Who killed the Iranian physicist?
A mystery in Tehran: A physicist — one who allegedly dealt in quantum theory and not nuclear physics — was killed by a bomb-rigged motorcycle outside his home. Depending on who you ask, the Americans, the Israelis, the Iranian Mujahedeen, Iranian royalists or an unknown party is behind it. Bombs and assassinations of any type are a rarity in Iran — for a physicist, of all people, to be killed in this manner is extremely strange. So who is responsible?
Masoud Ali Mohammadi, a senior professor at Tehran University who lectured on theoretical physics, was the target of a remotely-detonated bomb hidden in a motorcycle. The attack occured outside his home in the well-off neighborhood of Gheytariye northern Tehran at 10:13am local time. Mohammadi appears to have specialized in quantum physics, which would make him an odd fit for Iran’s nuclear program. But, still, one never knows.
Everyone has their suspects. According to Iranian television, an obscure group seeking the restoration of the Shah claimed responsibility. However, the Iranian government does not seem to be taking the alleged claims of the Royal Association of Iran seriously; they are now claiming that “the Zionist regime, the US and their allies in Iran” are responsible — cue the Mossad and CIA. Israeli intelligence gossip website Debka is calling his death a result of “the covert war against Iran’s nuclear program:”
He was a senior professor at Tehran University which DEBKAfile’s Iranian sources say is an important hub of nuclear weapons research.
Those sources stress that his death was unrelated to the political turbulence sweeping Iran since the June elections; state-run Press TV described him as a “staunch supporter” of Iran’s 1979 revolution.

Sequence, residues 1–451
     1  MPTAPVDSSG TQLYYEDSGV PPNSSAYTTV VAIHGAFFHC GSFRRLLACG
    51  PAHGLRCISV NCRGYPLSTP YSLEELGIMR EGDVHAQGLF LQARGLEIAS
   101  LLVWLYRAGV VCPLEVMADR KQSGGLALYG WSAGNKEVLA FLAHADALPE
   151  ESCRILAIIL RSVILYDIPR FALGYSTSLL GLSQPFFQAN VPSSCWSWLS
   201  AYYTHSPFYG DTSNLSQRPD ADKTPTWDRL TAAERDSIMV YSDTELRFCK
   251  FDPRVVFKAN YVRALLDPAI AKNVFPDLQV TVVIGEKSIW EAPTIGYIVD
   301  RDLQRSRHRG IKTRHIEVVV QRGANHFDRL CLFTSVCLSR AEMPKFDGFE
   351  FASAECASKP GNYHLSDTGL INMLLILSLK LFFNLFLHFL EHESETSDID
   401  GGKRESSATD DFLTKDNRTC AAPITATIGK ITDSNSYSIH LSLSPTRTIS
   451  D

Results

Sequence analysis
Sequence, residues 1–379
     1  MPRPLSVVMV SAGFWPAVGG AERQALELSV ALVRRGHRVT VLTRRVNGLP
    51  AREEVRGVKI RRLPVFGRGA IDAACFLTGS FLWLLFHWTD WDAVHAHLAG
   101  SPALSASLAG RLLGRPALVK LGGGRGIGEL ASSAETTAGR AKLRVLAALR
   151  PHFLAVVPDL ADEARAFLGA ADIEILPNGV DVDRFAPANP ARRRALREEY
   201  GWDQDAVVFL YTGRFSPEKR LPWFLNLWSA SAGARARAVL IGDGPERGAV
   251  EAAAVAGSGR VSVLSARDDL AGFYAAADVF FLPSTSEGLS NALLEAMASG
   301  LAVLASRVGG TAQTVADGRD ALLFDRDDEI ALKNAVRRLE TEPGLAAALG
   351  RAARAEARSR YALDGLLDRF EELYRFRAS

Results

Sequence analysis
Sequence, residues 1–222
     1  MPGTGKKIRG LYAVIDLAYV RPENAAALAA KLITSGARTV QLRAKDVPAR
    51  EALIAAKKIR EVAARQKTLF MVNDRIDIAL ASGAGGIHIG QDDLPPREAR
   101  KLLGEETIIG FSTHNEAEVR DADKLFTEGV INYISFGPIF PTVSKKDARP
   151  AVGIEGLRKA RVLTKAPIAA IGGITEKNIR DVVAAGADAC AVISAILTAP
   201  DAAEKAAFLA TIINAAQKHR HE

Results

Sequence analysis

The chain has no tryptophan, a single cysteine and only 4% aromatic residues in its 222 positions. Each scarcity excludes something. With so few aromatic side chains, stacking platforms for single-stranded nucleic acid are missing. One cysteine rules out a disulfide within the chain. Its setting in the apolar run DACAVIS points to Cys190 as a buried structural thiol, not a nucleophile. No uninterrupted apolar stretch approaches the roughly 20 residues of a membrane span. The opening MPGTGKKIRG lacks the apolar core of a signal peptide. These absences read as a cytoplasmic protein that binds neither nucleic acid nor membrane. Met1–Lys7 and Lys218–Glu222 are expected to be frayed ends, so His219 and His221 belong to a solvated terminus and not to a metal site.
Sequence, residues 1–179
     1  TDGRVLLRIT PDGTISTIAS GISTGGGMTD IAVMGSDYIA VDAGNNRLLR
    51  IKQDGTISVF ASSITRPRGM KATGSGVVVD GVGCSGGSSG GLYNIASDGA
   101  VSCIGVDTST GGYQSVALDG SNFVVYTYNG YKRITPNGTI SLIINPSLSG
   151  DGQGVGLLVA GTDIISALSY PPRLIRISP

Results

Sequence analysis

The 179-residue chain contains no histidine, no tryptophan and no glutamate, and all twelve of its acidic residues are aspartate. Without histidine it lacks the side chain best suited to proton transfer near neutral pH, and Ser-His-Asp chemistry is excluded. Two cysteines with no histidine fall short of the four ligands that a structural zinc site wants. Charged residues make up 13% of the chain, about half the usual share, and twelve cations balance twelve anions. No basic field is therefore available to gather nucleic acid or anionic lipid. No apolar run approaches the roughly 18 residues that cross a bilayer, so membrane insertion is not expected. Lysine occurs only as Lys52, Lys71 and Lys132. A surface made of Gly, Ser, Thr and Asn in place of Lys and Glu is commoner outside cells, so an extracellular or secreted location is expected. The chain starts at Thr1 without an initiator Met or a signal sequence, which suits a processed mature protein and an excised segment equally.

The targeting of the scientists in the heart of Tehran by a remote-controlled explosion shows that the covert agencies working to sabotage Iran’s controversial nuclear program have managed to plant death squads in the Iranian capital like those operating in Damascus. Shadowy inside elements are therefore threatening the military nuclear projects of both these allies. [...] Iranian authorities see Mohammadi’s death as ramping up the Western effort to recruit, intimidate or liquidate the brains behind Iran’s nuclear progress and a warning. They are already keeping these scientists closely quarantined and forbidden overseas travel, their movements and correspondence closely monitored.
While Iranian television called Mohammadi “a committed and revolutionary Tehran University professor,” he may have been revolutionary in the 2009 sense rather than in the 1979 sense. It turns out Mohammadi signed a pro-opposition petition earlier this year. And, even weirder… Despite the fact that Mohammadi’s publication history deals in quantum physics, Iranian sources indicate that he may have still been part of the nuclear program:
Iranian media reports described Mohammadi as a nuclear energy professor, citing Abbas Jafari Dolatabadi, the Tehran prosecutor. “Massoud Ali-Mohammadi was a professor in the nuclear field and there has so far been no arrests of those behind this incident,” the Fars News Agency reported. Al Jazeera’s Alireza Ronaghi, reporting from Tehran, said Mohammadi might have had links to Iran’s disputed nuclear programme. “Authorities who decided to remain unnamed tell me that Mohammadi had some connections with Iran’s nuclear programme and this [the murder] could be related,” he said.
Iranian-Israeli analyst Meir Javedanfar is speculating that the death was indeed American-spurred and that it indicates a growing reliance on intelligence and covert operations for dealing with Iran.
However, strange things have a way of happening to people involved with people in Iran’s nuclear program. Nuclear scientist Ardeshir Hassanpour was killed under mysterious circumstances in January 2007; Iranian General Ali Reza Asgari, involved in the nuclear program, disappeared two months later. Depending on who one asks, he either defected to the United States or was kidnapped to the United States. Then, just this year, Iranian nuclear scientist Shahram Amiri disappeared during the Hajj. Again, depending on who one asks, he either defected or was kidnapped.
Regarding Mohammadi, all we know is that only God and someone in Langley knows for sure.